Didn’t think you could really get into trouble illegally downloading music? It is illegal but many people just don’t think they will get caught. But a Minnesota woman, Jammie Thomas-Rasset, did and now she has been ordered by the courts to pay $22,000. It was the outcome of a long-running court battle over the unauthorized downloading of copyrighted music, reports The Huffington Post. The U.S. Supreme Court declined to hear her final appeal.
In the early- to mid-2000s, the music industry filed thousands of lawsuits against people it accused of downloading music without permission and without paying for it. Most of the cases settled for about $3,500 apiece. But Thomas-Rasset was one only two defendants who refused to pay; she opted for a trial. The other was former Boston University student Joel Tenenbaum, who also lost. The amount he had to pay: $675,000. But argue that the amounts are excessive.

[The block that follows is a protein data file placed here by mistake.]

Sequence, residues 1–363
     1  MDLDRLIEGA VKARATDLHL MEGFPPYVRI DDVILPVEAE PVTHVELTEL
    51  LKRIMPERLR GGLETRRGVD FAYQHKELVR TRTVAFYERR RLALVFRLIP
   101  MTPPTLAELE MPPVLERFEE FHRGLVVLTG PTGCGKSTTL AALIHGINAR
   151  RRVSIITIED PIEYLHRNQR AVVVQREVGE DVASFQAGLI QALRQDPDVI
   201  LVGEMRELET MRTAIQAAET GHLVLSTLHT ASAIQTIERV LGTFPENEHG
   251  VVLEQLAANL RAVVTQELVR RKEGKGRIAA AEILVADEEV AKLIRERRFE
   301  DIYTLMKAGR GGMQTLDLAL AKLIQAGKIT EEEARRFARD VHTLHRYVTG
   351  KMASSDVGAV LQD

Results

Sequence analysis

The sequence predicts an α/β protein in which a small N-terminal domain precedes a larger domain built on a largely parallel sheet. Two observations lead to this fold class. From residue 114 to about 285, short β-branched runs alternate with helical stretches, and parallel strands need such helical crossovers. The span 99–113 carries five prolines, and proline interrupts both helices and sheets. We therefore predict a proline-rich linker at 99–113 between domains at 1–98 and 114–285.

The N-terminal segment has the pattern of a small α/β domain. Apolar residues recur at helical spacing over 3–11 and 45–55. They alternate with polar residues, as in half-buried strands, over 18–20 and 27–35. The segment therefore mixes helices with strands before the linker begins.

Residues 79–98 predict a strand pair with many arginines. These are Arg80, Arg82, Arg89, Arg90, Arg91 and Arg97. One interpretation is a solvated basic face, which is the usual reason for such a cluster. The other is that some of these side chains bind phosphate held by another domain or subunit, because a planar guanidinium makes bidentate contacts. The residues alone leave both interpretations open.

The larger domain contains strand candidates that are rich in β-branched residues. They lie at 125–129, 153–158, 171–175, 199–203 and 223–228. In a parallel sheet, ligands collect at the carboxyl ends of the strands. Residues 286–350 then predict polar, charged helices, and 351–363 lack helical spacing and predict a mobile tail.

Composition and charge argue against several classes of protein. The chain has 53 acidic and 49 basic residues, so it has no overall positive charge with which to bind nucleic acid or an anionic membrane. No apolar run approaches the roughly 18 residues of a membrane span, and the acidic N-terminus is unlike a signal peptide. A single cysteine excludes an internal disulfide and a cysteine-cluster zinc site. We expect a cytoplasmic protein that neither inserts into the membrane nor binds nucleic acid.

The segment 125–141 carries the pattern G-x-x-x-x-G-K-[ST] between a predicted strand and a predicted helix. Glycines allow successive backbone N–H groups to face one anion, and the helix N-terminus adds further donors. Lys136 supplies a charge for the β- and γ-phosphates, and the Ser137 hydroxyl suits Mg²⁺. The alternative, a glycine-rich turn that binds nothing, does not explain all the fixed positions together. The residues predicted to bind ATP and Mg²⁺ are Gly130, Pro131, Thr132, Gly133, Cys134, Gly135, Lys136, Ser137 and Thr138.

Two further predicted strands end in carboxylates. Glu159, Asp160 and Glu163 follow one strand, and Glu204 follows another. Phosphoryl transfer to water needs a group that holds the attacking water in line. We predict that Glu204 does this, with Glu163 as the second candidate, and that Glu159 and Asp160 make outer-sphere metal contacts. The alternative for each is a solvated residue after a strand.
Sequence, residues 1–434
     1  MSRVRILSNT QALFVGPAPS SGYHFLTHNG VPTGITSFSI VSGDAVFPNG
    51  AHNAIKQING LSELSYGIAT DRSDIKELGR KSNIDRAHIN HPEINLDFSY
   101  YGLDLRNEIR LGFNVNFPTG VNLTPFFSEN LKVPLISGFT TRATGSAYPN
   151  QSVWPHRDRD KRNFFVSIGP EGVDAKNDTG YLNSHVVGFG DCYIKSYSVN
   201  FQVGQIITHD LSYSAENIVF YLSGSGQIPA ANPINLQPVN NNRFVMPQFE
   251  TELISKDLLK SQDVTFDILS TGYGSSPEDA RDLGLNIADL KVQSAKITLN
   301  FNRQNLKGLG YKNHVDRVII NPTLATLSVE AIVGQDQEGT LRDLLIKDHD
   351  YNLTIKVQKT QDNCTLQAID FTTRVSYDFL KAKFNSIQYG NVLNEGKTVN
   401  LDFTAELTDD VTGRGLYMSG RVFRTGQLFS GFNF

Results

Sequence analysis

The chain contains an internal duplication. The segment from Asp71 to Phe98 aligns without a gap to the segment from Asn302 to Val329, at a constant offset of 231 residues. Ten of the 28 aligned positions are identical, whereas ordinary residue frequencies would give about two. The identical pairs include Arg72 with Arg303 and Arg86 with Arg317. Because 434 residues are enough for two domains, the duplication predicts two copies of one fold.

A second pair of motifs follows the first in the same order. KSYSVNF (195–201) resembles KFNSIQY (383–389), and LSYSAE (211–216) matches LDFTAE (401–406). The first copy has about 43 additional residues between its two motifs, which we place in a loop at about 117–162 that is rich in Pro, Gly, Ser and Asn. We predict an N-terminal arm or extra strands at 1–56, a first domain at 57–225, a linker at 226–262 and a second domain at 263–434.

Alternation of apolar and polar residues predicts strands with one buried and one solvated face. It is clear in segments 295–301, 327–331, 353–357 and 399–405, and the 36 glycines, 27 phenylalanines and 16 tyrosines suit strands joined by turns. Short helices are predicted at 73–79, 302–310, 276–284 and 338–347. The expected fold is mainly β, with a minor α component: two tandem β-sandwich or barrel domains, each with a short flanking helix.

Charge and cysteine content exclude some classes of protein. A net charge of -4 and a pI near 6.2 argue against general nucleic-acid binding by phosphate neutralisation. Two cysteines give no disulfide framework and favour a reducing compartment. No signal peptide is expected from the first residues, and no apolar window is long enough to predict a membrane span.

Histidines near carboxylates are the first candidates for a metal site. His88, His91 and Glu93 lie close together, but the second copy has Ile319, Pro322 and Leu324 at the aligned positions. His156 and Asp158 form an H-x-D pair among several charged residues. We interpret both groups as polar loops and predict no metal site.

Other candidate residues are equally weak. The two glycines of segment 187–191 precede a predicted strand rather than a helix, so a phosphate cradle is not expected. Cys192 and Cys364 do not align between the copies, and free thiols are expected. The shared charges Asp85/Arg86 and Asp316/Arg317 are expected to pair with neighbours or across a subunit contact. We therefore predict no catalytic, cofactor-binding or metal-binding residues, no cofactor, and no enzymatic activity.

According to HuffPo, the industry initially sued Thomas-Rasset in 2006. Three trials and several appeals have followed. The industry argued that she made more than 1,700 songs downloaded via the file-sharing service Kazaa. The lawsuit, however, targeted only 24 songs.
Thomas-Rasset, 35, works for the Mille Lacs Band of the Ojibwe tribal government and says she can not afford to pay.
“There’s no way that they can collect,” she said to HuffPo. “Right now, I get energy assistance because I have four kids. It’s just the one income. My husband isn’t working. It’s not possible for them to collect even if they wanted to. I have no assets.”
Still the industry said they would work out a settlement. “The Recording Industry Association of America offered to settle for $5,000 when it first sued, and offered to settle for a $25,000 donation to a charity for music industry people in need after her second trial. She refused both times,” reports HuffPo.
Now, the Supreme Court says she has to pay the total—and there is no appealing the Supreme Court